I found this video on Youtube from someone who had a similar experience – it’s a different colour of fish, but you can see what I mean about hearing the fish eating:
Apparently there are sometimes reef sharks in the bay, but we didn’t see any. I would kind of loved to have seen one because sharks are awesome, but even knowing that there has never been a shark attack in the bay and reef sharks don’t feed on humans, I may have freaked out if I’d actually seen one because OMG SHARK!
We basically spent the whole day there, alternating between snorkelling and lounging on the beach. On one of our later times out snorkelling that day we finally saw the second thing (other than sharks) that I wanted to see in the wild: a turtle! We were just snorkelling around on the opposite side of the bay than we’d been before and Scott called me over to where he was and pointed down into the reef. And there was a beautiful green sea turtle, just swimming around and eating from the reef! Again, I was kicking myself for not having a GoPro! I did find this photo on Flickr of a turtle that looks just like the one we saw:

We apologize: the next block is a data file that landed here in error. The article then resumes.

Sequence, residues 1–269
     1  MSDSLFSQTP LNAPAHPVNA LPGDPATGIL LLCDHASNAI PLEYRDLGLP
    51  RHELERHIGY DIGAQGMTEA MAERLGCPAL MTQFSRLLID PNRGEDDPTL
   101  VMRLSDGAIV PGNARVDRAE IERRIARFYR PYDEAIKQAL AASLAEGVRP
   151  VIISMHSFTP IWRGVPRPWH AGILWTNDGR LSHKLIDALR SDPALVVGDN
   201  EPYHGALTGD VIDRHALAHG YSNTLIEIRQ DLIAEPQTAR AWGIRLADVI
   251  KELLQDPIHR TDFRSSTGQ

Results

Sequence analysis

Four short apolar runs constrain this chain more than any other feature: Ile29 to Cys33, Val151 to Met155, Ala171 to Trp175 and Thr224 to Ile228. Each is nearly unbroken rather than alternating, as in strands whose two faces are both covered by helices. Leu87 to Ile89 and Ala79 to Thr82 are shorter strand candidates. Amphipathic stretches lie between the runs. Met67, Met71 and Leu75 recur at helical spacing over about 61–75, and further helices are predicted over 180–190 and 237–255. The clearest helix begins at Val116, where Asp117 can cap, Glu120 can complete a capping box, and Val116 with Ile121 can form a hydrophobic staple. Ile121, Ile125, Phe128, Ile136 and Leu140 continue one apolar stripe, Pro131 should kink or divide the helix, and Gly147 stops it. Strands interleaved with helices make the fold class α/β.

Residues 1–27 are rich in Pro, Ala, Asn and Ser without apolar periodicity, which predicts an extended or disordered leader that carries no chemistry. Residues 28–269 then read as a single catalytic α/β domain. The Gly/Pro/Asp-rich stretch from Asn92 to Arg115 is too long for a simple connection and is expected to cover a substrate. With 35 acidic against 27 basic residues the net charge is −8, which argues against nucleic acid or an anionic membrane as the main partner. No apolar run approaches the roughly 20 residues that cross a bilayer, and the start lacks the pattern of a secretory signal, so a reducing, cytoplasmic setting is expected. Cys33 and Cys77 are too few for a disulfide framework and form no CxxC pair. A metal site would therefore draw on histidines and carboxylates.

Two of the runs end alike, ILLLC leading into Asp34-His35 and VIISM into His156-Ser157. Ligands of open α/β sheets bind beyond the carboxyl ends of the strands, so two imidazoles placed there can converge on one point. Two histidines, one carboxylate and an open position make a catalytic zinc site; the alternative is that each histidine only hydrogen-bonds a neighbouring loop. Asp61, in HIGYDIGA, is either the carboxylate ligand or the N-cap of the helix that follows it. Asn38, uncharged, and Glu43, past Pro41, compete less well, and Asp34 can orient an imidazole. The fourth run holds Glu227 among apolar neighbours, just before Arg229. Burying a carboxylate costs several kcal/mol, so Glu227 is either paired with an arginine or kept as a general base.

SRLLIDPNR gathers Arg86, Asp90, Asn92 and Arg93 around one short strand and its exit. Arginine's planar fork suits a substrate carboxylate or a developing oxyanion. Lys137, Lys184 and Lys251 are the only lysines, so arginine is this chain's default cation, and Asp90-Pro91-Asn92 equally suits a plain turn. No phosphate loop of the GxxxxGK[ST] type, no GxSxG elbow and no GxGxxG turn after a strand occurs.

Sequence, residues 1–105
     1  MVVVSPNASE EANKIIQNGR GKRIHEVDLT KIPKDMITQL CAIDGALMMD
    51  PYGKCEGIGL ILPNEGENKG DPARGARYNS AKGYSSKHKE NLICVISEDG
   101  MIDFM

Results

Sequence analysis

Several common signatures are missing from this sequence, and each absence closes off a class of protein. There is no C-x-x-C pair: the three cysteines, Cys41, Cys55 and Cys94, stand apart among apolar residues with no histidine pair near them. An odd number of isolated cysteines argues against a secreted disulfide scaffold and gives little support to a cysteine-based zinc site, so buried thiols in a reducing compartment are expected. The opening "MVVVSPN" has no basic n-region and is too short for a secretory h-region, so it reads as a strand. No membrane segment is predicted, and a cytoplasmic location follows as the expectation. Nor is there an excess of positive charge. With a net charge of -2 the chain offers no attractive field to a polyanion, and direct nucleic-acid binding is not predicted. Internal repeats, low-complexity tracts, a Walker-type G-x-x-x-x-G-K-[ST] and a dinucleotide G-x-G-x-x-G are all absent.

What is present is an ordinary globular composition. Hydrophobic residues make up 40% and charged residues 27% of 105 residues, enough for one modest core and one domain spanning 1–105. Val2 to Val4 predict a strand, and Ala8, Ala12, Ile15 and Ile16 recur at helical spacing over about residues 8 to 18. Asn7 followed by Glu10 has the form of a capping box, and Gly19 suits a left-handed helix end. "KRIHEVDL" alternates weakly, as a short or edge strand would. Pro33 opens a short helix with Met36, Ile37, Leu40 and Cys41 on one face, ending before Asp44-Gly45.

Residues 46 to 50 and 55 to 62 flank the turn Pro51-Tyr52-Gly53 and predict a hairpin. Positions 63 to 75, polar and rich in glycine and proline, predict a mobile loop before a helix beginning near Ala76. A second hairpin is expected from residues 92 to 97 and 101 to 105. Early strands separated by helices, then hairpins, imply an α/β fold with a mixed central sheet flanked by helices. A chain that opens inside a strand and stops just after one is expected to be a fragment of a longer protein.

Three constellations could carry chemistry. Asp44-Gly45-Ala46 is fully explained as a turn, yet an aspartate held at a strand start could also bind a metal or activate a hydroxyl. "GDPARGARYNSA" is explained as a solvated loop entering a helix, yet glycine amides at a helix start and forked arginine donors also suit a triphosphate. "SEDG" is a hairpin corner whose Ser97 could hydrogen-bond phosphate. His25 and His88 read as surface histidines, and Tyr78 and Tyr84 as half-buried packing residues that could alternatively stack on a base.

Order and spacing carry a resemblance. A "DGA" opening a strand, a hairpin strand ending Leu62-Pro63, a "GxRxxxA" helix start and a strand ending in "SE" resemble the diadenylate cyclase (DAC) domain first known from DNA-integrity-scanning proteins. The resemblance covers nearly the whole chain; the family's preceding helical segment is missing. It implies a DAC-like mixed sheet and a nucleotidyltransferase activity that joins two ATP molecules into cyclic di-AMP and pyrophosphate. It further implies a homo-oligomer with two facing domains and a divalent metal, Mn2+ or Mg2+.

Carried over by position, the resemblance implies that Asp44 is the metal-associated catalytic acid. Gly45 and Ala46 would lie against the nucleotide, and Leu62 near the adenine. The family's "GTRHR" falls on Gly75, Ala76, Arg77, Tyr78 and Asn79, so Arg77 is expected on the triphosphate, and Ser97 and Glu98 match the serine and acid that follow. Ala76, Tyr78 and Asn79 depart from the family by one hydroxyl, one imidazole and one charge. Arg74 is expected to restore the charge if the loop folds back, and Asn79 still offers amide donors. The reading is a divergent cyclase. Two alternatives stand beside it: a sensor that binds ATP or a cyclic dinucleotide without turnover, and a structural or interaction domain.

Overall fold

I spent a bunch of time just swimming around following the turtle – he was just so cute11!
Here’s a video from someone who was smart enough to bring a GoPro with them while snorkelling there (this is pretty much exactly what my day was like, except for the soundtrack):
Also at the beach were a whole bunch of cats, who apparently live, feasting on garbage and having somewhat of an uneasy truce with a bunch of mongooses.
At one point, Scott was petting the kitties and a little kid who was probably three or four years old and had clearly paid attention in the “don’t touch the wildlife” video admonished him “Don’t touch them!!!!!” Of course, not touching the feral cats is probably more of a safety rule for you rather than the cats, but he didn’t end up getting bitten or scratched, so I suppose we’ll call that a win for all.